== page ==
OAuth is an immensely popular open authorization framework available in the industry. In this oAuth tutorial, we will look into the detail concept. In this oauth tutorial understand oauth2-0 in simple step by step lesson. It demystifies all the complex technical jargon to clear the readers’ concepts.
OAuth2.0 is one buzzword in tech industry and specially in the security forums. Rightly so! it provides so much capabilities in the authentication and authorization framework. However, the understanding of this immensely popular auth sceheme is not always clear. In this blog post, I tried to put forward my understanding in simple terms.
Let’s jump to the topic directly. 🙂
NOTE:- This is a multi-blog series of tutorial. In this section, we just focused on the concept of oAuth as a whole. In subsequent posts, we will cover this topic in further detail.
Roles in OAuth2.0
To understand OAuth2.0 better, we first need to understand the various roles available in this scheme. Let’s take a look –
- Resource Owner or the user: It’s generally a person or an application who/which owns a protected resource (or data) on Resource Server.
- Resource Server: It’s the server that hosts the protected resource( or data). This data/resource is to be shared with the client/third part application.
- Client or the third party application (TPA): The client or third party application requests access to the resources/data (owned by Resource Owner) stored in Resource Server.
- Authorization Server: It authorizes the client/TPA to access the resources of the Resource Owner. Even though the Authorization Server and Resource Server have their own roles and responsibilities; they can be on the same or different servers.
So many jargons!! Did it just confuse you? Let’s take a simple example.
Understanding oAuth2.0 with simple example
You must have used Facebook. You may also have tried your hand in playing various games in FB. Even though I am not a gaming fan; back in my days, I tried some of these popular games. Coming to the topic, when you play these games, FB pops up a dialog box. It asks for your consent to share some of your user/personal information with the game application. That’s a classic example of OAuth. Now, let’s take this example to match with the jargon we just read through.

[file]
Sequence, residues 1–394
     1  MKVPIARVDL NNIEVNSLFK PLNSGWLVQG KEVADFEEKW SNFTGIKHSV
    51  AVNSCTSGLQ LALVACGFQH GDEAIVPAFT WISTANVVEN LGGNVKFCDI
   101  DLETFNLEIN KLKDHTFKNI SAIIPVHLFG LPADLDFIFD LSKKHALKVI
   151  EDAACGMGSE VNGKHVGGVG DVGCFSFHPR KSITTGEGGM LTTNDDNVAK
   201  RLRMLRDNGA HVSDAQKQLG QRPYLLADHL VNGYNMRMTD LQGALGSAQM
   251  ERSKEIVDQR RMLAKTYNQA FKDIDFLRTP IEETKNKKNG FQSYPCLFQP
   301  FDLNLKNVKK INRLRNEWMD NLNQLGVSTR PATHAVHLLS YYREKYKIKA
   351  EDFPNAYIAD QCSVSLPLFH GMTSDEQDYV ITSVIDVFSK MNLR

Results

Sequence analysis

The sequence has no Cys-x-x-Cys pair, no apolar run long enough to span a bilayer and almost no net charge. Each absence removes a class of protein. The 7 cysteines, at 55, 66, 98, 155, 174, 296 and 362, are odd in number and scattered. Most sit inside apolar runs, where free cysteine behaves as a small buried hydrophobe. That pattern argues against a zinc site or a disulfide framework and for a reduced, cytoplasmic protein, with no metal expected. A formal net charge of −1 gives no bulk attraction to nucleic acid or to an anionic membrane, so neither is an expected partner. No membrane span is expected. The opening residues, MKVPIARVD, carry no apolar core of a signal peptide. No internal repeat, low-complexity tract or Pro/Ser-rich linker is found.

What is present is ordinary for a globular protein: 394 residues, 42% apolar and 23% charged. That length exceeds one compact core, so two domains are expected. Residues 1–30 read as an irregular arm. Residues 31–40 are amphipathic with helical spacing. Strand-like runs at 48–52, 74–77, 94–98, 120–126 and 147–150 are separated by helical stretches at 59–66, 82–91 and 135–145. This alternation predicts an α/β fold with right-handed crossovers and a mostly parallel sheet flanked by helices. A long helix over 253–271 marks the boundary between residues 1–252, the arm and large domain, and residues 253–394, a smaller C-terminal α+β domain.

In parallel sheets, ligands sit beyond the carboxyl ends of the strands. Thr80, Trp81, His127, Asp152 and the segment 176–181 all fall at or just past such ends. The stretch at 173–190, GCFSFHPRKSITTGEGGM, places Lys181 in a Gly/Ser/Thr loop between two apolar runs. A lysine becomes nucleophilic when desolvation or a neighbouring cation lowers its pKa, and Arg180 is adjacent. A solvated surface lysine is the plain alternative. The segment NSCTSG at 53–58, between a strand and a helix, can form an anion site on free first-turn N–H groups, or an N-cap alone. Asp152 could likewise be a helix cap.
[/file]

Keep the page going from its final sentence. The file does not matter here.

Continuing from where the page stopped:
A user on Facebook is the Resource Owner. The information (like profile information) a user own is his/her personal data. The resource owner can also be an application. The OAuth 2.0 specification allows both possibilities. Now, as the user creates/hosts the profile in Facebook, so Facebook can be considered as a Resource Server. The user may want to play a particular game. However, in order to play, the game application needs to access certain information from user’s Facebook account. The game can be considered as Client or third party application. Facebook has an Authorization Server that authorizes this gaming app to access the necessary information from user’s account after obtaining the approval or user consent.
I am hopeful that now you are able to connect the dots between all these roles and how they connect to each other. A Please find below a simple depiction of different concepts that we learnt so far –
oAuth Simplistic Workflow
Take a look in the below diagram for the simplistic view of oAuth2.0 workflow.
In this post, I tried to cover the basic concepts behind various stakeholders in oAuth2.0 auth scheme. In upcoming posts, we will go through various workflows under oAuth2.0 scheme. Stay tuned 🙂
- Authorization Grant type (with refresh token)
- Implicit Grant Type
- Resource Owner Password Grant Type